The Entourage also comes in a Deluxe model, a featuring a 170mm RockShox Lyrik DH RC2 Solo Air fork, SRAM X-9 drivetrain, Easton Havoc cockpit and Mavic EX729 rims. However, after riding both models, I’d be more inclined to save the quite considerable £1,450 price difference and spend the money on getting the bike out to long alpine descents and bike parks where the Entourage excels.

Operator (£2,550)

The Operator DH bike stays slack and low but the back end gets shorter; smooth.

The 2012 Operator also gets its chainstay length reduced by 12mm to 427mm, a change made based on feedback from Kona athletes and product testers. The 64 degree head angle and 13.8 inch bottom bracket height gives the bike a lot of stability but reducing the overall wheelbase the bike didn’t lose stability at speed. The short rear end has enabled it to be considerably more manoeuvrable in tighter, slower, more technical situations.

This bike also uses oversized bearings, large pivot axles, shot-peened finish for extra frame strength and round tubing, which Kona say improves it’s resistance to rock strikes and improves dent deflection.

Kitted up with RockShox Boxxer Race fork, SRAM drivetrain, Fox Van RC rear shock and Avid Code R brakes this bike feels slick and smooth straight out the box. The Operator tackled the DH tracks a treat, plush suspension kept the runs smooth and fun, the slack head angle and low standover height gave a confidence-inspiring rider position and the bike manoeuvred through tricky rooty sections and tight switchbacks with ease. A brilliantly fun bike to ride, confidence inspiring and makes you want to go bigger, better and faster. (As I discovered after somersaulting over the bars into a bush completely over shooting a berm. It didn’t help that I was singing ‘smooth operator’ at the time!)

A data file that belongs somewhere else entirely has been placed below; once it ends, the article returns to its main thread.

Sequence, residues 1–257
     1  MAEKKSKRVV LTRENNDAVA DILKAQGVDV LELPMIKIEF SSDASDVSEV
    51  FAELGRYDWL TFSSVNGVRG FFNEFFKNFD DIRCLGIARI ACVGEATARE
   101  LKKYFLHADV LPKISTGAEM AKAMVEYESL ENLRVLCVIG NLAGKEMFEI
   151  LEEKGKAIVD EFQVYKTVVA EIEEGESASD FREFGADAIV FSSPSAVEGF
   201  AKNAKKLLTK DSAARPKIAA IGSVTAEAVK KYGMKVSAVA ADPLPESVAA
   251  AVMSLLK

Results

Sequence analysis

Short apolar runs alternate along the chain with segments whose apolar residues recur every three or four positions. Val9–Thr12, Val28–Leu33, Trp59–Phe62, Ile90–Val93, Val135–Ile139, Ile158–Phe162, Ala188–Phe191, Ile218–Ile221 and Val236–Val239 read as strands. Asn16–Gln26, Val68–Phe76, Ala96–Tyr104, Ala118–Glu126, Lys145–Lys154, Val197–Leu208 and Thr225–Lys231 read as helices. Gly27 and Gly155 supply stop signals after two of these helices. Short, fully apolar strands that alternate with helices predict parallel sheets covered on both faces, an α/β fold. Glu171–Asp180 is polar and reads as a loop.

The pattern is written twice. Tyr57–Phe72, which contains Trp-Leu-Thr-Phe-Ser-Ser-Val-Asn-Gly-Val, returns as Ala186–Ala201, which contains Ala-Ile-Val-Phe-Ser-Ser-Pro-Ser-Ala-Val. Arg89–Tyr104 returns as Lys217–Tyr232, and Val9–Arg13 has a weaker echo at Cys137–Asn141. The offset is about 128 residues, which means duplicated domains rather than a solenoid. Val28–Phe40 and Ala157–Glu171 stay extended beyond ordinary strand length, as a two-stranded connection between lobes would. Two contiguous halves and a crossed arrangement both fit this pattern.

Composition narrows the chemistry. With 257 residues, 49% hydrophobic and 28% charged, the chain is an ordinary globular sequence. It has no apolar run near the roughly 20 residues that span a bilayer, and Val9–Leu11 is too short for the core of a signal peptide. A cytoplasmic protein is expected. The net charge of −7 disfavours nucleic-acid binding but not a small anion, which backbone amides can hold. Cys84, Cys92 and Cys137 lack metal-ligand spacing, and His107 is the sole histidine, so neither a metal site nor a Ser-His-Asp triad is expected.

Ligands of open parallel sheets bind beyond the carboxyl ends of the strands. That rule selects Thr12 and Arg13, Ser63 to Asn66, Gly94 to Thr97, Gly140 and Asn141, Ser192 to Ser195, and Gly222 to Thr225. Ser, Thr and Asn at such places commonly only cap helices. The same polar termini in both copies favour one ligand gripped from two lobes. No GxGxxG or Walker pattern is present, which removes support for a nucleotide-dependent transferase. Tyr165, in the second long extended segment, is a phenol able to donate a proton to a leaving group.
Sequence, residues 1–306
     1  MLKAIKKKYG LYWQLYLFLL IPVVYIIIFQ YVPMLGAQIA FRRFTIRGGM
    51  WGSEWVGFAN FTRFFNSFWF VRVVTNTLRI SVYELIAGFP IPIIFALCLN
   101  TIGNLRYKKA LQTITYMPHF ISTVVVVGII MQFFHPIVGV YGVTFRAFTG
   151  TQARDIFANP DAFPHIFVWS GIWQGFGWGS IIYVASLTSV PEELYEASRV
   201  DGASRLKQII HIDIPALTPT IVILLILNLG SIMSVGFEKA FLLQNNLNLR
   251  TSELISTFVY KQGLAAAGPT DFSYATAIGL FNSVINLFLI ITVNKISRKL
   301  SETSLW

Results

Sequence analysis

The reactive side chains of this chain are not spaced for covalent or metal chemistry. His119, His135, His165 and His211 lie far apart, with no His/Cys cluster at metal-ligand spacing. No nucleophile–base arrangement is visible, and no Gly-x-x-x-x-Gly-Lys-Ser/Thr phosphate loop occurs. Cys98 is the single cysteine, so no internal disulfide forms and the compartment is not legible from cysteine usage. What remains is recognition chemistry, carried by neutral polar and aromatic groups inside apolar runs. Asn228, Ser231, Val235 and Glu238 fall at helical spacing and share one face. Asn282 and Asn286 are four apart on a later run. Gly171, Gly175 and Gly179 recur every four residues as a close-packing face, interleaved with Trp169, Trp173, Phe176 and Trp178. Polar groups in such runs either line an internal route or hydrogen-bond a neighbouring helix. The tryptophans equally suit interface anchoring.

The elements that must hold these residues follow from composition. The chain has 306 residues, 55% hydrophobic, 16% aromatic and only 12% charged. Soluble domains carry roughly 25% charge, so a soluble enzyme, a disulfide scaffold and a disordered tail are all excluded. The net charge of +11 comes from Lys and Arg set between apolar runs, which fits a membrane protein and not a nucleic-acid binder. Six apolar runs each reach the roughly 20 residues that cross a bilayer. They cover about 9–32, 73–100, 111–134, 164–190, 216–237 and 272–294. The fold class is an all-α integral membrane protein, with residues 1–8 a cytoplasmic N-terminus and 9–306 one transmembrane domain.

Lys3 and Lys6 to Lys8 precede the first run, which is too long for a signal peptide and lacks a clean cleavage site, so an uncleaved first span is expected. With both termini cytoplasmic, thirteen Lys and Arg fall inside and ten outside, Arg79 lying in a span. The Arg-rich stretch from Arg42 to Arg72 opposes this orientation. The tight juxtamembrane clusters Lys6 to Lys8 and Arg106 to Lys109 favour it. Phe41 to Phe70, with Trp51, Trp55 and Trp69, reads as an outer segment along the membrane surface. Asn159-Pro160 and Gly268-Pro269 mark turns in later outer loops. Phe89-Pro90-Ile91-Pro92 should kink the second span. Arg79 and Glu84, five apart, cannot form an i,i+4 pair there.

Tanuki (£1,200), Tanuki Deluxe (£1,900) and Tanuki Supreme (£2,800)

The Tanuki Deluxe; 130mm travel of all mountain fun...

The Tanuki is named after a mythical Japanese raccoon dog, known for it’s ginormous bollocks, which apparently give you good fortune. As the only female at the launch I can’t really comment on the huge balls equalling good fortune scenario, so I’ll have to take Kona’s word for it!

Launched last year, Kona call it one of their best performing, entry-level dual suspension bikes. A 130mm XC bike, designed to be an all-day ride up, descend, repeat, kind of bike. The steep seat tube angle is pedalling friendly and the seatpost designed to be compatible with an adjustable seatpost too.

The Tanuki gets a redesigned rocker link for 2012

The 2012 Tanuki range sees a redesign to the linkage to improve suspension performance and the introduction of the ‘Scandium 69 Tanuki Supreme’ model. Scandium 6069 is a new material on Kona bikes for 2012, a rare metal that when added to aluminium alloy straightens out the grains, increasing the tube strength without having to increase the amount of metal used. It has a 40% higher yield strength than previous Scandium alloys with has good corrosion resistance and excellent fatigue strength.